Greetings creatures, and welcome back to Horror Business, the podcast that comes from a dying planet to rob all men, seduce all women, and learn the peppermint twist. Thank you as always for checking us out and we have got one heck of an episode for you guys.
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This episode we take a look at two films that involve killer aliens but aren’t Alien: 1980’s Without Warning and 1983’s Xtro. If you remember we were supposed to do these films last episode but ended not being to get ahold of them, so we’re doing them now.
We begin by giving a shout out to Chris and LVAC, and then talking about what we’ve seen recently. Liam talks about how he decided to go ahead and see The Girl With All The Gifts without Justin because he hates Justin. We briefly talk about looking forward to seeing the upcoming Jordan Peele horror film Get Out. Liam talks about seeing The Devils for an upcoming episode of Cinepunx and sings praises to the glory of Oliver Reed. Justin talks about starting the final book in Justin Cronin’s The Passage trilogy and his disappointment with the horror film Abattoir. We briefly hype the Mahoning Drive In’s upcoming Zombiefest in May (May 26-28) and the upcoming Exhumed Films Empire Pictures Triple Feature at International House on Saturday February 25th.
Up first is 1980s Without Warning. We are not very kind or gentle with this move. We start with Liam admonishing Justin about his fear of aliens (and sharks) and we briefly discuss some upcoming episodes we may or may not do about aliens. Liam brings up that most people might already know about Without Warning just based on how awesome the poster was.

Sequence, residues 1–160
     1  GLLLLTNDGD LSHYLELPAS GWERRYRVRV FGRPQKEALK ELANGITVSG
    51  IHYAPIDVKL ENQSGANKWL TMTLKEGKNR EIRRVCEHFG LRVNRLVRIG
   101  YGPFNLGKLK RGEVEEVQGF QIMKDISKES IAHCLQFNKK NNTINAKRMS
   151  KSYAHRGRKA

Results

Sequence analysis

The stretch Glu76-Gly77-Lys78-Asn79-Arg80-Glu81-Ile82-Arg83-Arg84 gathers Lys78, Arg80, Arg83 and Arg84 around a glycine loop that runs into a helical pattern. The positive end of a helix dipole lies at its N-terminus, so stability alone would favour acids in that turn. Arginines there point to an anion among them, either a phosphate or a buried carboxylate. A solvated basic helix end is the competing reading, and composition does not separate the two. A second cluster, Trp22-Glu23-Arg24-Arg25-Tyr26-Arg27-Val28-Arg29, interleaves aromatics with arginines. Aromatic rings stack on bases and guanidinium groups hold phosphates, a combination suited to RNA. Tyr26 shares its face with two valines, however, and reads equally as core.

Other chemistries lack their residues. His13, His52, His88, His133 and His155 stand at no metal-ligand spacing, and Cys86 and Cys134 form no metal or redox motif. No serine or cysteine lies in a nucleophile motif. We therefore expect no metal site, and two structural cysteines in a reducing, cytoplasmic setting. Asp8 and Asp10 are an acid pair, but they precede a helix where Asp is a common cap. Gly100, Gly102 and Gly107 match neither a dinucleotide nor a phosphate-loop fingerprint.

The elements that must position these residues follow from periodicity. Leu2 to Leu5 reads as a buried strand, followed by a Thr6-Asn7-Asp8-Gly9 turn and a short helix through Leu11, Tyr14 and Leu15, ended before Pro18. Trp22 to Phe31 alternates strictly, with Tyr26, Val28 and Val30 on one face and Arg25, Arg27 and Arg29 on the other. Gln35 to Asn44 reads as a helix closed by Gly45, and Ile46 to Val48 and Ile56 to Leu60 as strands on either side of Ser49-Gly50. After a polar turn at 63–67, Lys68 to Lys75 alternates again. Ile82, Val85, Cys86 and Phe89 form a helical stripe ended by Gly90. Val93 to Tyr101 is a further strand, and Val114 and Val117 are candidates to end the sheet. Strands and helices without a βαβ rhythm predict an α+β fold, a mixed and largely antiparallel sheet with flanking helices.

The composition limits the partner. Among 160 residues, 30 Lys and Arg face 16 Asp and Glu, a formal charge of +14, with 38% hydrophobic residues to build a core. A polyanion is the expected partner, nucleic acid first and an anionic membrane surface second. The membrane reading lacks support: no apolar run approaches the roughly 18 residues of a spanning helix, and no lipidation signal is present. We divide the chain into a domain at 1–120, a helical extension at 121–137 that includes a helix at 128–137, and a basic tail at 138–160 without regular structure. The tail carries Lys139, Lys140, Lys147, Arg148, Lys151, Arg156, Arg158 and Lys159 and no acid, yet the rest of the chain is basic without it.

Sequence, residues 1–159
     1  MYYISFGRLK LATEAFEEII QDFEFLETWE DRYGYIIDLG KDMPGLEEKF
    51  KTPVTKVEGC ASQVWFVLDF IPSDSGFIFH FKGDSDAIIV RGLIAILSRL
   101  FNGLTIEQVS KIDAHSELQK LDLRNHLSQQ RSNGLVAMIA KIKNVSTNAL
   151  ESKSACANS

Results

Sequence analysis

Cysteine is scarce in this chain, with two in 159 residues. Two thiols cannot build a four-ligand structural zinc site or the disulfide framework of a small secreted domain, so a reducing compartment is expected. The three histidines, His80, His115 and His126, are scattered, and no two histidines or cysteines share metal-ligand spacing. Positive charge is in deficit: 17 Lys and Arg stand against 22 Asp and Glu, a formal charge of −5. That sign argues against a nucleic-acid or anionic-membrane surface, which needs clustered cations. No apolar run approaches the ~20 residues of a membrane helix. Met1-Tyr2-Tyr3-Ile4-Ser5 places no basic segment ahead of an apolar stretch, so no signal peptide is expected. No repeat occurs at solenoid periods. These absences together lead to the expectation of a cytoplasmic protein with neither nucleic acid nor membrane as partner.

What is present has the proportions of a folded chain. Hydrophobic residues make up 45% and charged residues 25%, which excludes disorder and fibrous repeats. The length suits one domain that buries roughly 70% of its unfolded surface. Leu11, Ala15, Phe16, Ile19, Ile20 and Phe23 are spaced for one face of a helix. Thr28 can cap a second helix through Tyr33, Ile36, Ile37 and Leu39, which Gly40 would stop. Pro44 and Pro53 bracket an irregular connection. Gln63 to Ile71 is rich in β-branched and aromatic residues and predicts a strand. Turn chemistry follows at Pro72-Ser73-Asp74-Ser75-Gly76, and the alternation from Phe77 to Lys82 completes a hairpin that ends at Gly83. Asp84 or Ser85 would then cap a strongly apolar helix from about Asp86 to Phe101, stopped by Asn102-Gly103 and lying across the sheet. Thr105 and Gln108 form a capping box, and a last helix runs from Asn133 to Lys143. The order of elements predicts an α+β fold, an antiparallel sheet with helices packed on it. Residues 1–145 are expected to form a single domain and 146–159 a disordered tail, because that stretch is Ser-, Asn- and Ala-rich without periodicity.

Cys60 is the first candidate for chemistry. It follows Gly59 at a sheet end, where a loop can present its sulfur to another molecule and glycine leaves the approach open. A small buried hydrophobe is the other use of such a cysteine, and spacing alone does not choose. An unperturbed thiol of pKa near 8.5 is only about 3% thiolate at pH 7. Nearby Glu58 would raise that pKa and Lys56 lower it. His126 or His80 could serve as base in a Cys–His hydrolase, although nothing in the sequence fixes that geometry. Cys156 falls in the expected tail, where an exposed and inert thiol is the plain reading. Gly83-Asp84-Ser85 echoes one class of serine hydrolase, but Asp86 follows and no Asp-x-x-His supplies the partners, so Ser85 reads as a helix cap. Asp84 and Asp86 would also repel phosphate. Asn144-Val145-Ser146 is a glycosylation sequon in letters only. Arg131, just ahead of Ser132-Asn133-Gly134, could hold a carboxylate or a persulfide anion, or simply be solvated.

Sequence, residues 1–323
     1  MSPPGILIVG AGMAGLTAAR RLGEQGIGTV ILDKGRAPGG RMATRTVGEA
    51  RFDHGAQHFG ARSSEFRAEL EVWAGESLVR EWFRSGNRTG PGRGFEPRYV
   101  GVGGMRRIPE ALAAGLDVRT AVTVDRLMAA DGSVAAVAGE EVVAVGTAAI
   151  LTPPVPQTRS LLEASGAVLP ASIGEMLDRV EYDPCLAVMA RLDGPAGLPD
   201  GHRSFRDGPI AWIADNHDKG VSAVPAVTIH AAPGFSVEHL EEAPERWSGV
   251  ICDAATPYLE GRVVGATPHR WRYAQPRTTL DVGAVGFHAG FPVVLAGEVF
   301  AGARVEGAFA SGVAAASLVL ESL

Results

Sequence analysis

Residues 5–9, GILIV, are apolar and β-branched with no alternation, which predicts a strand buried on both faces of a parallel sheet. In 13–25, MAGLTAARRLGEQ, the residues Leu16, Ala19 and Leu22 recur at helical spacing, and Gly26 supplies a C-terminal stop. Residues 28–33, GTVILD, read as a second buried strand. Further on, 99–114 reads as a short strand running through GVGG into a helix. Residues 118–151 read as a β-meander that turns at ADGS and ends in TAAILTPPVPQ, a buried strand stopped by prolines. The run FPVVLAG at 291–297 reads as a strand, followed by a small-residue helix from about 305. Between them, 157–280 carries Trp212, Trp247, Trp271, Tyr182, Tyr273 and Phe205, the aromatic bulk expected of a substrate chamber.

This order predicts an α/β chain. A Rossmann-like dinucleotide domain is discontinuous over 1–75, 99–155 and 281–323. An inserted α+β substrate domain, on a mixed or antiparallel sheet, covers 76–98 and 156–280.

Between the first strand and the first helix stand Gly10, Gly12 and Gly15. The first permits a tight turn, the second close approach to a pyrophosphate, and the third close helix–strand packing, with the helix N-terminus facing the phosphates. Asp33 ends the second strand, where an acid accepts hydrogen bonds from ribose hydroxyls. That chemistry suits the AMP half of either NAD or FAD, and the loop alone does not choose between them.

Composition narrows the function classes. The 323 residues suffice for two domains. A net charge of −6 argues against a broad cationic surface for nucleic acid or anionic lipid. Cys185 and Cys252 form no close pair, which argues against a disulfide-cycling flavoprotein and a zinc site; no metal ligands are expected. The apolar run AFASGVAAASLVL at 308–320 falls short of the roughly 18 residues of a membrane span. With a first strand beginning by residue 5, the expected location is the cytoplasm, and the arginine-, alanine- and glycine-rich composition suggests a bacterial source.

Justin and Liam discuss the plot similarities with 1987’s classic Predator and Justin makes a horrible joke about ‘predating’ and how this movie is so bad it really highlights how good Predator is. Liam points out that despite the differences in quality both movies feature the talents of Kevin Peter Hall, who played both the aliens in both films. The weird opening sequence featuring a man hunting with his strange hippie adult son is discussed, as is the lack of clarity as to who the antagonists of the film are, because despite the main alien being prominently featured in all of the advertising most of the conflict involves the living weapons the alien uses. The lack of any real interesting characters, the repeated use of horror movie tropes, and the excess of pointless plots threads are discussed. Martin Landau’s offensive portrayal of a vet suffering from PTSD is briefly touched upon, Jack Palance’s character as the sole voice of reason, and Landau’s characters insanity are all talked about. More plot details are discussed, more 80s horror tropes are examined, the long dragged out scene in an isolated house in which we finally see the main alien is dissected, and Liam and Justin almost get into an argument over whether or not the alien is a Tall White or a Gray (spoiler: Liam’s wrong it’s a Gray).